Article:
There is also a cultural problem here: individual teams were still writing libraries for their own needs first, forgetting or ignoring the needs of the downstream consumers in other teams. I think what makes this a difficult problem is that each team has it’s own test developer, incentivised to enhance the tests of their teams own product(s) not the wider testing effort. They will write code for the functions that they need and if other teams can use it then that is an additional bonus but not a priority. Each team has it’s own needs and it’s own way of doing things. Team-A will write a function to send a email via the command-line and Team-B will write a function to send an email via the web-ui and both of these are incompatible at the API-level. There are two solutions to this problem: put in an architect and force the teams to standardize or alternatively create an abstraction layer above the differences. Actually the answer is both as it’s the most flexible without causing too much cultural strain.
###The cross-platform problem The final problem isn’t really a problem at all - well not yet. It’s the issue of dealing with cucumber in a cross-platform way. I can only briefly discuss this problem and without a good solution at this point as we have yet to resolve it ourselves. What we have is a very cross platform set of projects: we have Java projects (on Linux) and C# projects (on Windows) and Objective-C projects (on Mac and iOS). Each set of projects is running tests with it’s own gherkin-based tool (Cucumber  and SpecFlow ) this is all well and good, we are arguably using the best tool for the job in each case while culturally still speaking the same language. Where we find difficulties is in sharing code: both because of language differences and platform differences. We are currently looking to move away from SpecFlow to cucumber which should solve one problem but the other problem is likely to involve some nasty ssh-based solution. I shall follow up with our outcomes on this.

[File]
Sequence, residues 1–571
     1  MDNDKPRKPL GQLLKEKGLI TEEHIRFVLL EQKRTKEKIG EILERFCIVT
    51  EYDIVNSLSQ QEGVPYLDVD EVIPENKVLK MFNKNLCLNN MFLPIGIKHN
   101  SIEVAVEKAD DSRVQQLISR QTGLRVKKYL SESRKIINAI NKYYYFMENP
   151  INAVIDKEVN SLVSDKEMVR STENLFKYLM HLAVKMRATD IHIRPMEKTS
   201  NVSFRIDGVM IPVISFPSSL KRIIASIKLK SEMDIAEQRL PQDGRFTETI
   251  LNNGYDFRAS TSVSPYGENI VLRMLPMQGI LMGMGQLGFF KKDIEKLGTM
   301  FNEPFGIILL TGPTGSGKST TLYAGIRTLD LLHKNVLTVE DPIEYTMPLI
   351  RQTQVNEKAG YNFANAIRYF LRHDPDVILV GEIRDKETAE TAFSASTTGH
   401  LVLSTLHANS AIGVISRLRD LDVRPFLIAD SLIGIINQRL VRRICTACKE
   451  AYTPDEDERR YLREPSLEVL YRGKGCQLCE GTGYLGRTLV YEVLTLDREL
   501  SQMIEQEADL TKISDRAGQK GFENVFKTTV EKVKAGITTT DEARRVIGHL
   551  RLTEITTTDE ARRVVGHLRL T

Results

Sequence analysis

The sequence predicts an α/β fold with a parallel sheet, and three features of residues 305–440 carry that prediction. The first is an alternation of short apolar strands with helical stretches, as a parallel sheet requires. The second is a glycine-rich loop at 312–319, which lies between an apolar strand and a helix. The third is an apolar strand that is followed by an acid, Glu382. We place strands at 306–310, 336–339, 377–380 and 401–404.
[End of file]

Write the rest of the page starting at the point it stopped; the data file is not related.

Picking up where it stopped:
Both myself and my current organisation are continuing to learn and mature in our experience with cucumber and with Ruby and how best to deal with these projects when we have it used so widely and by so many. Hopefully this will lead to further discussions and I hope to follow up this blog with further updates in the future.
- : http://chrismdp.com/2011/09/layers-of-abstraction-writing-great-cucumber-code
- : http://andrewvos.com/2011/06/15/writing-better-cucumber-features
- : http://robots.thoughtbot.com/post/25650434584/writing-better-cucumber-scenarios-or-why-were
- : http://renderedtext.com/blog/2011/12/06/sucking-less-at-writing-cucumber
- : http://salvetore.wordpress.com/2012/08/08/open-technical-debt
- : http://ryan.mcgeary.org/2011/02/09/vendor-everything-still-applies
- : https://github.com/codegram/spinach
- : http://cukes.info
- : http://www.specflow.org